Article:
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Melissa Macauley

Associate Professor

Ph.D., Berkeley, 1993
Curriculum Vitae


Geographic Field(s):  Global History; Asian History

Thematic Field(s):  Economic and Labor History; Legal and Criminal History; Gender and Sexuality History

Principal Research Interest(s):  Late Imperial and Modern Chinese History, Global History, Social History and Legal Culture


Melissa Macauley (Ph.D., Berkeley, 1993) specializes in late imperial and modern Chinese history. Her research interests include social history and legal culture, the interconnected history of southeast coastal China and Southeast Asia, the dynamics of transnational crime in the context of migration and trade, and the transformation of non-Western law in the age of colonialism and imperialism. She is completing a book on the entangled history of a region on the southeast coast of China (Chaozhou or Teochew) and the port polities of the South China Sea from the seventeenth century to 1927. Her first book, Social Power and Legal Culture: Litigation Masters in Late Imperial China, was named a Choice Outstanding Academic Book in 1999. Her work has been supported by the American Council of Learned Societies, the National Endowment for the Humanities, the Mellon Foundation, the U.S. Department of Education (Fulbright-Hays), and the Bunting Institute of Radcliffe College, among others. She also has served as the An Wang Postdoctoral Fellow in Chinese Studies at Harvard University, a member of the Institute for Advanced Study (Princeton, NJ), and a Senior Research Scholar at the Institute for Qing History at Renmin University (Beijing). She was awarded a Distinguished Teaching Award in 1999 and named a Charles Deering McCormick Professor of Teaching Excellence in 2004.

Affiliated Programs

Publications (selected) 

  • Masters of the South China Sea: Chaozhou and Maritime China, 1644-1927 (current project)
  • “Entangled States: The Translocal Repercussions of Rural Pacification in China, 1869-1873.” American Historical Review 121.3 (June 2016): 755-79.
  • Shehui quanli he falü wenhua: Zhonghua diguo wanqi de songshi [Translation of Social Power and Legal Culture]. Tr. Ming Hui.  Beijing: Beijing University Press, 2012 (with new preface).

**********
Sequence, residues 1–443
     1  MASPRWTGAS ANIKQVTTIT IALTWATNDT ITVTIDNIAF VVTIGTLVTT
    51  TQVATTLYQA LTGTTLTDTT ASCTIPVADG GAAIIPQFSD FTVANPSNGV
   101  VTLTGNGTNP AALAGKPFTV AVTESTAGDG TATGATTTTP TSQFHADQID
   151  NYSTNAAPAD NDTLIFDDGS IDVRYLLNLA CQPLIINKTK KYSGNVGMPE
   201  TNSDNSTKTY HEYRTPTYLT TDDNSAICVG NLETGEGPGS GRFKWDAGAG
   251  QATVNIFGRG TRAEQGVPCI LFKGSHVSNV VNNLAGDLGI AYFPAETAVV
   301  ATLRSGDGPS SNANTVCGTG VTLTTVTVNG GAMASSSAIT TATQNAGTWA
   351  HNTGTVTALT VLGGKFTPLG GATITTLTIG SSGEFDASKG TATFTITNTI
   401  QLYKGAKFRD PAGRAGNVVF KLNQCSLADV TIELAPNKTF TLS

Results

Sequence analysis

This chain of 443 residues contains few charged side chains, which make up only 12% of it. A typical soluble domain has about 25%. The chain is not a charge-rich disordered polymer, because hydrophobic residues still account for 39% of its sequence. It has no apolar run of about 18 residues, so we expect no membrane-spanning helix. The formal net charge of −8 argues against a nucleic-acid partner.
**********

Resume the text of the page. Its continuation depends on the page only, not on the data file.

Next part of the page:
• “Small Time Crooks: Opium, Migrants, and the War on Drugs in China, 1819-1860.” Late Imperial China, 30.1 (June 2009): 1-47.
  • “The Disputation of the Body-Snatchers: Scandal in Chinese Legal Culture.” In Joseph W. Esherick, Wen-hsin Yeh, and Madeleine Zelin, eds. Empire, Nation, and Beyond: Chinese History in Late Imperial and Modern Times—A Festschrift in Honor of Frederic Wakeman.  Berkeley: Institute for East Asian Studies, 2006, pp. 58-77. 
  • “Tiaozhan quanwei: Qingdai fashang de guafu he songshi” [Contesting authority: Qing widows and their litigation masters at law].  In Meiguo xuezhe lun Zhongguo falü chuantong [American scholarship on Chinese legal traditions], revised edition.  Ed. Gao Daoyun [Karen Turner], Gao Hongjun, and He Weifang. Beijing: Qinghua daxue chubanshe [Tsinghua University Press], 2004, pp. 552-78.
  • “A World Made Simple: Law and Property in the Ottoman and Qing Empires.” Journal of Early Modern History V.4 (December 2001): 331-52.
  • *Reprinted in Huricihan Islamoglu and Peter Perdue, eds. Shared Histories of Modernity in China, India, and the Ottoman Empire. London and New Delhi: Routledge, 2009, pp. 273-98. 
  • *Translated as “Gouzhu yige jianyue de shijie: Aosiman diguo he Qing diguo de falü ji caichan.” In Zhang Shimin, Bu Dewei, and Na Haoya, eds.  Shijie xuezhe lun Zhongguo chuantong falü wenhua [International Scholarship on Traditional Chinese Law].  Beijing: Falü chubanshe, 2010, pp. 299-326.
  • Social Power and Legal Culture: Litigation Masters in Late Imperial China. Stanford, CA: Stanford University Press, 1998.
  • "Civil and Uncivil Disputes in Southeast Coastal China, 1723-1820."  In Kathryn Bernhardt and Philip C.C. Huang, eds. Civil Law in Qing and Republican China.  Stanford, CA: Stanford University Press, 1994, pp. 85-121. 

Teaching Interests 

  • Melissa Macauley is an award-winning instructor who teaches a wide array of courses on Chinese, global, and comparative history at the graduate and undergraduate levels. 

Graduate Courses (selected):

  • History 481-1: “Field Seminar: Late Imperial Chinese History and Culture, 1500-1911.”
  • History 492: “Global China”
  • History 492: “Sino-American Relations in the Modern World”
  • History 590: “Historical Pedagogy”

Undergraduate Courses (selected): 

  • History 103: "China in the American Imagination” (First-year seminar).
  • History 281: "Chinese Civilization” (Lecture)
  • History 381-1: "Late Imperial China” (Lecture)
  • History 381-2: "Twentieth-Century China” (Lecture)
  • History 392: “Chinese Women in Modern Transformation” (Colloquium)
  • History 393: “China and the West” (Colloquium)
  • History 395: “Imperialism in Asia” (Research Seminar).
  • History 395: “Sino-American Relations in the Twentieth Century” (Research Seminar). 

Recent Awards and Honors (Since 2000, selected)

  • Fellowship, National Endowment for the Humanities, 2012.
  • Appointed Gerald F. and Marjorie G. Fitzgerald Chair in Economic History, 2012.
  • Member, Institute for Advanced Study, 2008.
  • Appointed Charles Deering McCormick Professor of Teaching Excellence, 2004.
  • Fellowship, American Council of Learned Societies, 2004.
  • Fellowship, Fulbright-Hays Faculty Research Abroad, 2004.
  • Fellowship, American Council of Learned Societies/National Endowment for the Humanities, National Program for Advanced Study and Research in China, 2000.
  • Fellowship, Fulbright-Hays Faculty Research Abroad, 2000.
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